Gardening Basics

Garden Pests and Organic Prevention Methods

By Darren Sherriff


This list is the top 10 garden pests and the most organic way to deal with them.

#1-Deer- These four legged, four lettered word wreak havoc on just about every thing in your garden, except maybe your artificial plants, and even then, the theory is they will eat anything if they are hungry enough. An organic product called Milorganite is a miracle for combating these pests. Milorganite is a fertilizer made in Milwaukee, Wisconsin, from treated sewage sludge. It is categorized as a natural fertilizer because 85 percent of its ingredients are organic. There is a lot of controversy over whether this stuff really works. I for one say, yes!

#2-Rabbits- another of the furry, cute, four legged pests. This one is a little tougher than the deer, though not impossible. The most effective thing you can do for these is fencing. It needs to be at least 2 feet tall to prevent rabbits from jumping over. To keep them from burrowing underneath of it, you will need to bury at least 3 to 6 inches of the fencing, deeper than that would even be better. Make sure bend the buried portion away from the plants, towards the outside of the garden.

#3-Aphids- these soft bodied insects, as well as Mealy-bugs and Whitefly, are fairly easy to control. Scouting your yard and garden on a regular basis, especially when new growth is emerging, is the key. The very first sign of any of these pests and it is time for the insecticidal soap. Make sure you spray the insect itself; the soap has little to any residual effects. Basically, it dries the pest up, thus eliminating any future breeding.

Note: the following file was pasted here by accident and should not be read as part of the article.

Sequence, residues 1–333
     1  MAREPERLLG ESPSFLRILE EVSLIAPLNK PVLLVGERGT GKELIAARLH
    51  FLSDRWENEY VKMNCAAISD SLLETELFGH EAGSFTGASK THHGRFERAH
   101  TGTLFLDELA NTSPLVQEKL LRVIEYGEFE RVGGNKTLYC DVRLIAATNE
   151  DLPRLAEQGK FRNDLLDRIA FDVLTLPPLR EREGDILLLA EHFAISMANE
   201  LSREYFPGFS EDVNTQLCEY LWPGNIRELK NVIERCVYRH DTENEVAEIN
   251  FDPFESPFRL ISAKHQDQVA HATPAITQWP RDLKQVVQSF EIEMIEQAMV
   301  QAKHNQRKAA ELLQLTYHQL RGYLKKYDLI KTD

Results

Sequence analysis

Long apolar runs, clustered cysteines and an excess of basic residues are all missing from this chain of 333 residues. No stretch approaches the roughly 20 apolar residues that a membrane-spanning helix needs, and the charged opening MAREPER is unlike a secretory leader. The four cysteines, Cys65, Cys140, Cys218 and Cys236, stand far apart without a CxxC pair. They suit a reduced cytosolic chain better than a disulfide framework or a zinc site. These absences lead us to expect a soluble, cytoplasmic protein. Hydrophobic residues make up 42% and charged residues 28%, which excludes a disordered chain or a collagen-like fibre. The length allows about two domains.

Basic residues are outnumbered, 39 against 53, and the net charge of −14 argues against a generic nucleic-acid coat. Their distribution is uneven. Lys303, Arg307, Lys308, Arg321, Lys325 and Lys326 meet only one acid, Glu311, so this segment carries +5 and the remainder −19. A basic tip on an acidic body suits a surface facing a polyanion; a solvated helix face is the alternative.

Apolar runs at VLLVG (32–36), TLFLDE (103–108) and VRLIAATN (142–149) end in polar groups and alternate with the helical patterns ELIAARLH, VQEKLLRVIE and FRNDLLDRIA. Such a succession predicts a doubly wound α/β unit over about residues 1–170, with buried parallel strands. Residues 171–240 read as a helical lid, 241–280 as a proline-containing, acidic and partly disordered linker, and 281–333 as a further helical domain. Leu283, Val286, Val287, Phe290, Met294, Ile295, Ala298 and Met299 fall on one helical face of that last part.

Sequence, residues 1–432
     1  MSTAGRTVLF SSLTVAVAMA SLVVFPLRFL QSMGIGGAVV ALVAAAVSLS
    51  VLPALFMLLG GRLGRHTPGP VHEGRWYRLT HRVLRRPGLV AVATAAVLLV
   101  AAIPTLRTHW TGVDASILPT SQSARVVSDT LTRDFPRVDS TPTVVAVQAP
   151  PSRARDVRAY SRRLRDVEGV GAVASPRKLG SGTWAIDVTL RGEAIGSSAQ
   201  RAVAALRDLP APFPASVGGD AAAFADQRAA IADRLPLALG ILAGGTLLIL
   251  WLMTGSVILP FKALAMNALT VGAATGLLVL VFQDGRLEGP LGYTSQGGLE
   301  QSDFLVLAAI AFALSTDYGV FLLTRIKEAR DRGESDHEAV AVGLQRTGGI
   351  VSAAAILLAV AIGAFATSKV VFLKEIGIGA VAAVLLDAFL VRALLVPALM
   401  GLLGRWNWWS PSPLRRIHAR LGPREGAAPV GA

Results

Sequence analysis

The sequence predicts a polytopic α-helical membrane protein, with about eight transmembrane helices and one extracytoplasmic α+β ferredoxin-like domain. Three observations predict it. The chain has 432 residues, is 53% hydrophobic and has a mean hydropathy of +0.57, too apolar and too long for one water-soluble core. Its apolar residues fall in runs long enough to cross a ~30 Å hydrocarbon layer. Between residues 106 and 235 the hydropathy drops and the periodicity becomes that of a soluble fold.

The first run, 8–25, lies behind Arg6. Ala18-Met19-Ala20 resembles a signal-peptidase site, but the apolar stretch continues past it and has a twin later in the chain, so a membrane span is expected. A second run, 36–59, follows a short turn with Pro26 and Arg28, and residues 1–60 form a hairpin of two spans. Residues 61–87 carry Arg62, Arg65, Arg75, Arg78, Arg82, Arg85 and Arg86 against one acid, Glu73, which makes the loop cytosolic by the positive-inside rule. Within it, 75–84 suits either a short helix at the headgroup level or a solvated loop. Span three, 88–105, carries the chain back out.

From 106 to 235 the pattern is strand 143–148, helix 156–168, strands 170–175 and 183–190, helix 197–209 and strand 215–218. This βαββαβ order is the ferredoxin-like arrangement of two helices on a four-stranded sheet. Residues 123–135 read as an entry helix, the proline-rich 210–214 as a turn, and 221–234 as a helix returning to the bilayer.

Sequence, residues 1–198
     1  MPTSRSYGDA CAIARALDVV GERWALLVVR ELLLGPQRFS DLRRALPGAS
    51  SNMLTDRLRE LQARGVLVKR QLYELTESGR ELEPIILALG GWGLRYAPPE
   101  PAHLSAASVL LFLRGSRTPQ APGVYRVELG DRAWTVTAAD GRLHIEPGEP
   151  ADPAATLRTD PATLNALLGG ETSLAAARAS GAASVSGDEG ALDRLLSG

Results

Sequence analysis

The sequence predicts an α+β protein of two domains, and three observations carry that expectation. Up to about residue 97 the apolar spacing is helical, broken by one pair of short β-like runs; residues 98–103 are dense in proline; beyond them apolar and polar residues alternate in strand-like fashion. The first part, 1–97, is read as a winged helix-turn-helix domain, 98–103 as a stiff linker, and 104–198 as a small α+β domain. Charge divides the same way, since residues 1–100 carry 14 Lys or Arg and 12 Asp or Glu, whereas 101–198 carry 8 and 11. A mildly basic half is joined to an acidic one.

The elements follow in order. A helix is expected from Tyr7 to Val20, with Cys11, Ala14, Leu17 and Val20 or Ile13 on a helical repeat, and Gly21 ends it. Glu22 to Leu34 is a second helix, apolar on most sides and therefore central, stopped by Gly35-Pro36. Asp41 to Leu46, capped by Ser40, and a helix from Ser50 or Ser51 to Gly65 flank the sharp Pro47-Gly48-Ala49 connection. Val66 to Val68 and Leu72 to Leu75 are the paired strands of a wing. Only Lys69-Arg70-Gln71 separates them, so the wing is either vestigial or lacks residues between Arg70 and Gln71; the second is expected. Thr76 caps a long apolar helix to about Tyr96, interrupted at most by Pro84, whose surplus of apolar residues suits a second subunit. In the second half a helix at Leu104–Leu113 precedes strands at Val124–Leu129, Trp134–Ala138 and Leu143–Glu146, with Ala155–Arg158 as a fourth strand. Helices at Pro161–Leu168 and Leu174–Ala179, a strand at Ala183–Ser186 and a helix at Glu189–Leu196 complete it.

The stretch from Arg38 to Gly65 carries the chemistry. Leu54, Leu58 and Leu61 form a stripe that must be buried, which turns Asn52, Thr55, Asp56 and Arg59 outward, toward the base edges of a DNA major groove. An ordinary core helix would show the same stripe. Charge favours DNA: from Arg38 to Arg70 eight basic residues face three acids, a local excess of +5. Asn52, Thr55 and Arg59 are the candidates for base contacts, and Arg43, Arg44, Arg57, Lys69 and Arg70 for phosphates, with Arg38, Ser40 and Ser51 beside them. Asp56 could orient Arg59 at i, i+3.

#4-Grasshoppers- are very difficult to control when they become adults, you will want to scout your yard looking for young ones. The soap can be useful in the early stages, but is usually ineffective, as they get larger. A very easy, and I thought was a joke when I first heard about it, is dust your plants with ordinary flour.
This simple product actually gums up and blocks the grasshopper’s mouth, kind of like peanut butter to a dog, which then prevents the grasshopper from eating. Make sure you are only using ordinary all-purpose flour. Avoid things such as self-rising flour, which usually contain salts, because those are harmful to the plants in the garden.

#5-Snails and Slugs- feed on a variety of plants and on decaying plant matter. They will chew irregular holes with smooth edges in leaves and flowers, as well as fruit and young plant bark. You will need to rely on a combination of methods to keep these pests at bay. The first step is to eliminate as many places as you can where they can hide during the day. Things such as wooden boards, large rocks, debris, large leafy branches that grow close to the ground, and even dense ground covers such as ivy are all good hiding places. Handpicking is next, the more you get rid of now, there will be less in the future. There are several types of barriers on the market that will keep snails and slugs out of planting beds. The easiest to deal with are those made with copper flashing and screen. It is believed that copper barriers are effec­tive because the copper reacts with the slime that snails and slugs secrete, caus­ing a disruption in their nervous system similar to an electric shock. You have probably heard of filling a shallow bowl with beer and wait overnight. Yes, the slugs love it and you can dispose of the whole mess by adding it to your compost. The downside to this is, you will need to keep other animals out of the beer, and you will need to refill it every night.

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